Scroll Top

Interview with Richelle Hunt and Bronwen O’Shea, Conversation Hour, ABC Radio Melbourne


Event: Interview with Richelle Hunt and Bronwen O’Shea, Conversation Hour, ABC Radio Melbourne
Date: 9 July 2024, 11:40am AEST
Speakers: Denita Wawn, Chief Executive Master Builders Australia
Topics: Labour shortages, Apprentices


Richelle Hunt, Conversation Hour, ABC Radio Melbourne: Denita Wawn is the CEO of Master Builders Australia. Denita, I mean, we’ve got lost trades. We’ve got schools that we’re hearing should be doing more to be able to promote trades. Why do you think completion numbers of trade apprenticeships are just falling so greatly?

Denita Wawn, CEO Master Builders Australia: Good morning, everyone. I think the big issue we’ve got is really decades in the making. I grew up in the 80s, where we were really focused on the attention of universities. And so, we’ve had that decades of saying university should be your goal. And we really haven’t been promoting the benefits of trades. And in many instances, they’ve been declared second class citizens from a career perspective. So, we know that needs to be changed because there are huge opportunities available in the trades, and all sorts of different jobs as Peter has just alluded to, you know, that beautiful craftsmanship that we see whether it’s in restorations of old buildings, some of the beautiful stone walls that we see around and so forth. There are so many different opportunities that we want to promote, but we really haven’t given it great enough attention at school level and promoting parents in understanding the opportunities in the industry.

Richelle: It’s funny though, there’s a text here that says I’ve seen Peters work at the art fair, it looks almost impossible. No wonder the kids are reluctant.

Bronwen O’Shea, Conversation Hour, ABC Radio Melbourne: Oh too clever, too clever. How many apprentices short are we Denita? So, we know there’s, there’s a cry from industry for more apprentices because you know, there are positions unfilled. How short are we?

Denita: Well, the scary thing is that if you look at housing industry alone, we’re required under the Housing Accord to build 1.2 million homes in five years. Which would be a record. And at the moment, we’re estimating that immediately we need an additional 90,000 tradespeople to meet that requirement and we think it’s going to be more over the period of five years. So, we’re talking about shortages in trades of every single trade in the building and construction industry across the country. And that doesn’t include the fact that we’re looking at electrification. So, the increasing need of electricians as well adds to that level of opportunity. And we see it as an opportunity as opposed to a problem. It is a problem we’ve got but it provides an opportunity for everyone in the sector, as well as governments to really try and reverse the situation.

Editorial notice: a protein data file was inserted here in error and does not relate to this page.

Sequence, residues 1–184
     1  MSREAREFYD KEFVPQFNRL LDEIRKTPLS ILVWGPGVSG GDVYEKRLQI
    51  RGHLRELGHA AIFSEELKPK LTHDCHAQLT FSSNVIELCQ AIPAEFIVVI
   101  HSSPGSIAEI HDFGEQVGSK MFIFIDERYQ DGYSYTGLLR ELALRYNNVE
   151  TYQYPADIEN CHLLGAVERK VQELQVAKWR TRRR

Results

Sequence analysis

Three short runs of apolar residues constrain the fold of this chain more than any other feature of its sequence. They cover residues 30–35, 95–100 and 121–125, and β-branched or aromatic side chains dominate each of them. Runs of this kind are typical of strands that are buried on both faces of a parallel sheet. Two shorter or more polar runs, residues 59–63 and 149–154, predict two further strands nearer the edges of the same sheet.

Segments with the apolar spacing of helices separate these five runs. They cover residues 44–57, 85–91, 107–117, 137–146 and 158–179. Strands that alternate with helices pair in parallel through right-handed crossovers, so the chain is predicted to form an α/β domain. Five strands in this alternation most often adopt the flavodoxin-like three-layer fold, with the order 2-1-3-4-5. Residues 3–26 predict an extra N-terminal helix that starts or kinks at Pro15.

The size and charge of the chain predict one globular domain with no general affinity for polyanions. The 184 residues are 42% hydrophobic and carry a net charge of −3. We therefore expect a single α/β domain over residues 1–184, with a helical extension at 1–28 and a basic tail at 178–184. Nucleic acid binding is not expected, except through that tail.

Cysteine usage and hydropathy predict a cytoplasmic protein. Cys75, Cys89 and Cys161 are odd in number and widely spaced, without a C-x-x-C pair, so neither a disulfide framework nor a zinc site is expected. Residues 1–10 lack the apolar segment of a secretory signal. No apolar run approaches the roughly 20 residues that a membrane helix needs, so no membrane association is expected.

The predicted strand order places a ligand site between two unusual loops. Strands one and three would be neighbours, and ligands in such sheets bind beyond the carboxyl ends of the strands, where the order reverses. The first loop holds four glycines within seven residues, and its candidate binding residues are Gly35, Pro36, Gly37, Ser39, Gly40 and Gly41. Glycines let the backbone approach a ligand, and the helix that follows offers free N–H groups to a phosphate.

Richelle: But is it just seen as something that we can, “well, let’s just bring in people from overseas because that’s going to be easier”? Because there’s a lot of resistance that’s coming through on taking this up?

Denita: Well, we certainly as part of the solution, first and foremost look at Australian apprenticeships, and then we look at migration. The difficulty that we’re hearing from the migration stories, there are people in Australia wanting –  sorry, overseas, wanting to come to the country, but the processing of visas is taking way too long. And then of course, we’re having issues around how we actually make eligible people in trades. And when we look at who our competitors are, in Canada and the UK, they have a much more streamlined system of fast-tracking people in the industry. So, this is a worldwide problem. It’s not confined to Australia, and that’s why we’ve really got to focus on our own and in promoting apprenticeships. And may I say the industry hasn’t been good at encouraging half the working population and that is women. Only two per cent of our trade workforce are females and so we need to change that as well.

Bronwen: I’m rolling my eyes as I say this, but we need some TikTok influencers don’t we? To make trades trendy again. Where do you see the solution? So, we know that we’re not replacing the number of people leaving trades, we’re not replacing them with new apprentices, but also those completion rates. We’ve talked about this many times already this hour, Denita, that you know, nearly half of apprentices don’t actually ever finish their training. So where do you think we can focus our energy to get the best results quickly, you know, within the next five years where you have this hurry, hurry, need?

Denita: Let’s focus first on completions because you’re absolutely right. It’s really a worry when we see completions of only 50% per cent. That’s really an issue where we need to make sure that apprentices when they’re undertaking apprenticeships are looked after properly, that we have appropriate mentoring. We certainly have recommended to the government greater support of group training companies that are actually the employers, that actually provide additional support over and above the host employers. So that is certainly a solution that we think has got considerable merit. We also are of the view that we need to ensure that apprentices when they start their apprenticeship, are actually getting an idea of the outcomes from a long term perspective. We’ve seen many that will do one or two years and then go and use that expertise in a high paying job without completing their trade which will help them in the long term. So there’s some education there as well.

Richelle: Denita, so good to hear from you. Thanks so much for your time.

Denita: Pleasure. Thank you.

Richelle: Denita Wawn is the CEO of Master Builders Australia.

Media contact:
Dee Zegarac
National Director, Media & Public Affairs
0400 493 071

Sign up to our news and media mailing list.